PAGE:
Rachel Browne Sydney Morning Herald December 7, 2012
A jump in the number of Aboriginal women in custody has led to a marked increase in the number of women imprisoned in Australia.
A Bureau of Statistics report shows the number of Aboriginal and Torres Strait Islander female prisoners has risen by 20 per cent since June 30 last year, compared with a 3 per cent rise in non-Aboriginal female prisoners.
Prison policy expert Eileen Baldry, of the University of NSW, said the increase should be cause for alarm.
"Over the past 15 years the rate of Aboriginal women in prison has soared," she said.
"That raises some interesting questions. Are Aboriginal women innately more criminal than non-Aboriginal women? No, they are not."
She said Aboriginal women often lacked the social support given to the general population, while being at higher risk of domestic violence, mental or cognitive impairments, homelessness and poverty.
Dr Baldry said the rate of imprisonment had increased despite warnings that improved support mechanisms were preferable to jail.
"It has continued despite warnings that there should be other ways to deal with this, largely through providing support for these women," she said.
Figures in the Statistics Bureau's report, titled Prisoners in Australia, show the number of women in prison has grown by 48 per cent over the past decade while the number of male prisoners has risen by 29 per cent.
The bureau's director of the National Centre for Crime and Justice Statistics, Fiona Dowsley, said female prisoners made up only a small proportion of the overall prison population, with 2201 females in custody nationally.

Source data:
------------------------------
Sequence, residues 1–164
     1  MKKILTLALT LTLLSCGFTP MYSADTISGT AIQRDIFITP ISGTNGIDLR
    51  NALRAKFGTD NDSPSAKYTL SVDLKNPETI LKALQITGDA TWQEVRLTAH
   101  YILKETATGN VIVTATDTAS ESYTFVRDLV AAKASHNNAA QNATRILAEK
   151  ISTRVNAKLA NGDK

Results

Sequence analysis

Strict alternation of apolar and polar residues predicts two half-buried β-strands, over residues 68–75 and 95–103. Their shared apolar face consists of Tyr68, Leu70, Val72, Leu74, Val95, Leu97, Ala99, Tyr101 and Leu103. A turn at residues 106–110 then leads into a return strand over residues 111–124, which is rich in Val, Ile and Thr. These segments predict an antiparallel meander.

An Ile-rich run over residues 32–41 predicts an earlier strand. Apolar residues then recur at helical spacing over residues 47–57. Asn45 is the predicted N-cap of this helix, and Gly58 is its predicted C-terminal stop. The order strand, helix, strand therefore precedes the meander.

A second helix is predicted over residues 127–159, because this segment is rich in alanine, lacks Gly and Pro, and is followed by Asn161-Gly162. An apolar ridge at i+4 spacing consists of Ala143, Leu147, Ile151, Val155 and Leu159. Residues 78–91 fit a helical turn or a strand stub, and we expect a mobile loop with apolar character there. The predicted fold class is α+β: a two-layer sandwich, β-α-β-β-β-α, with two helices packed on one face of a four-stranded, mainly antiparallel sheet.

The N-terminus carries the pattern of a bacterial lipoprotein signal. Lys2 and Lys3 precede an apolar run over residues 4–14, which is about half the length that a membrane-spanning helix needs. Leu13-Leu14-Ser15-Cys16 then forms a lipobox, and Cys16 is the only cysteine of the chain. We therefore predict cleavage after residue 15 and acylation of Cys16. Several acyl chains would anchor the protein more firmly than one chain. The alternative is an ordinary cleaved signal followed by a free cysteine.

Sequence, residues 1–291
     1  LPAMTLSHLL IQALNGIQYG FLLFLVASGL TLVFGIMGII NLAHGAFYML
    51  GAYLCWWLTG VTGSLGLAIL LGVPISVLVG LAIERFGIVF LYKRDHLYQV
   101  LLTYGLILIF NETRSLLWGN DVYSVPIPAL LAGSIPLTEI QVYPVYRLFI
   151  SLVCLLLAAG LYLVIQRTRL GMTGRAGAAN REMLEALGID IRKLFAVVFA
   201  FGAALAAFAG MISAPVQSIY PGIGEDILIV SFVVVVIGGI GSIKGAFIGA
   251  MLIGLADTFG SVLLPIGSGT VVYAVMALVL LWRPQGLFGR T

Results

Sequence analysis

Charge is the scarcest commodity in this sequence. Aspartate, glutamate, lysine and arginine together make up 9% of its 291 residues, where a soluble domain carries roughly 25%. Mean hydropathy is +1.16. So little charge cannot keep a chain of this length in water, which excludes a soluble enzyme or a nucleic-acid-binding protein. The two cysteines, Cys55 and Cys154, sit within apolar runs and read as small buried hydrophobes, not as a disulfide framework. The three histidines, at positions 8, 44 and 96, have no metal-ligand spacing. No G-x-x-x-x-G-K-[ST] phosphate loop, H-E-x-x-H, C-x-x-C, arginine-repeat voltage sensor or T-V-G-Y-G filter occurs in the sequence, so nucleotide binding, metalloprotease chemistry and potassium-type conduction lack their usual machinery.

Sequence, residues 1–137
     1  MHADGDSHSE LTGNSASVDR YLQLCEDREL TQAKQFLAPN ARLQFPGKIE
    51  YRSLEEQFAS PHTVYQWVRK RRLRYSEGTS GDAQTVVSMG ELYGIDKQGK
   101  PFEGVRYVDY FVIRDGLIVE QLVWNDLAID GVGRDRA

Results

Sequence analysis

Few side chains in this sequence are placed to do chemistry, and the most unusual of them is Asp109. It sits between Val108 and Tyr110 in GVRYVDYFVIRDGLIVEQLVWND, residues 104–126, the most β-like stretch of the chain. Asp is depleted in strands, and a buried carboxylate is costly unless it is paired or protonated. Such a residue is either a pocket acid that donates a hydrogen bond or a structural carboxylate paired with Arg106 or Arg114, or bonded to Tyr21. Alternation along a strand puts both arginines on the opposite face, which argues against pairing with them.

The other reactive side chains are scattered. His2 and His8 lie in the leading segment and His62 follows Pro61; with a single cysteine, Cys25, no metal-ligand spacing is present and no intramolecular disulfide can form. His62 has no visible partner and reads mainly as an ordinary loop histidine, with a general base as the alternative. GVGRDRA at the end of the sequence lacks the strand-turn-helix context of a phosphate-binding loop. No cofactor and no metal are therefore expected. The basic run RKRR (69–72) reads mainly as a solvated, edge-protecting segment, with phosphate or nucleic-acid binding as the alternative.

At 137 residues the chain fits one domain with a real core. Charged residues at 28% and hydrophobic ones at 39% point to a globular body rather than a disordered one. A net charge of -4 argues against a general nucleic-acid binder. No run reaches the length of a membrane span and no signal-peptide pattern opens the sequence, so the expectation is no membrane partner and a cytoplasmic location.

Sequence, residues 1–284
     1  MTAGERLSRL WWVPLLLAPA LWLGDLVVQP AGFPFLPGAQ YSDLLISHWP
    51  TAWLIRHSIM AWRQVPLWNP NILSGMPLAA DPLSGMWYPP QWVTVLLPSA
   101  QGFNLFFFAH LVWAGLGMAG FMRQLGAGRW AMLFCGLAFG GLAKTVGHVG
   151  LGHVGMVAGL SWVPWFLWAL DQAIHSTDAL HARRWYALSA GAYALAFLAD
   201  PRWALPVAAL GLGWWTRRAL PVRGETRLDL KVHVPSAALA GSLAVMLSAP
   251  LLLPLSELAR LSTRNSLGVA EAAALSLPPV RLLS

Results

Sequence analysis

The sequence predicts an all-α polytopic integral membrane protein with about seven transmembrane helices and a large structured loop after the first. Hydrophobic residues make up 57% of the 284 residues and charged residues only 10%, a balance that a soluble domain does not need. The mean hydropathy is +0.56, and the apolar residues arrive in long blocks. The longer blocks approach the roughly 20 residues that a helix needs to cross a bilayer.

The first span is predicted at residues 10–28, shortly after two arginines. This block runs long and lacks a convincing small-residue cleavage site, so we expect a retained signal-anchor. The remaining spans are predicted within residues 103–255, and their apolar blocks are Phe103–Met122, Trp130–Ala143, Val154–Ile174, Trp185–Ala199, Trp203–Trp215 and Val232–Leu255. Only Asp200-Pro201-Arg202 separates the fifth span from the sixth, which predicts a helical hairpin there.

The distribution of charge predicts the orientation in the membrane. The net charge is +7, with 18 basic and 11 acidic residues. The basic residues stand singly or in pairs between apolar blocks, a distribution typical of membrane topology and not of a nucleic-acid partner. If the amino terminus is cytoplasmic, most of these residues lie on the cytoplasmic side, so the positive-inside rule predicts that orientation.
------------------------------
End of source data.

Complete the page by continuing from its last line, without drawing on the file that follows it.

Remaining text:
"Females now make up 7 per cent of Australia's total prisoner population," she said.
There are 29,383 people behind bars in Australia, an increase of 1 per cent since 2011 and 31 per cent since 2002.
The Northern Territory has the nation's highest imprisonment rate of 826 per 100,000 adults, followed by Western Australia with 267 per 100,000.
Assault was the most common offence for males, accounting for 17 per cent of prisoners, followed by sexual assault, which accounted for 15 per cent.
Drug-related crime was the most common reason women ended up in jail, accounting for 17 per cent of cases, followed by assault, which accounted for 14 per cent.
The prison population is young, with median ages of 33.9 years for men and and 34.6 for women.
Most prisoners had done time previously, with 55 per cent having served a sentence in an adult prison before their current spell inside.
About 80 per cent of prisoners were Australian-born, with Aboriginal and Torres Strait Islander people making up just over a quarter of the prison population.
EMILY BOURKE: Women's prisons are filling up at an alarming rate in Australia.
The Australian Bureau of Statistics says the number of women behind bars has increased by more than 8 per cent in the last year - a much faster rate of increase than for men.
The surge is being driven by a 20 per cent increase in the number of Indigenous women being locked up, as Simon Lauder reports.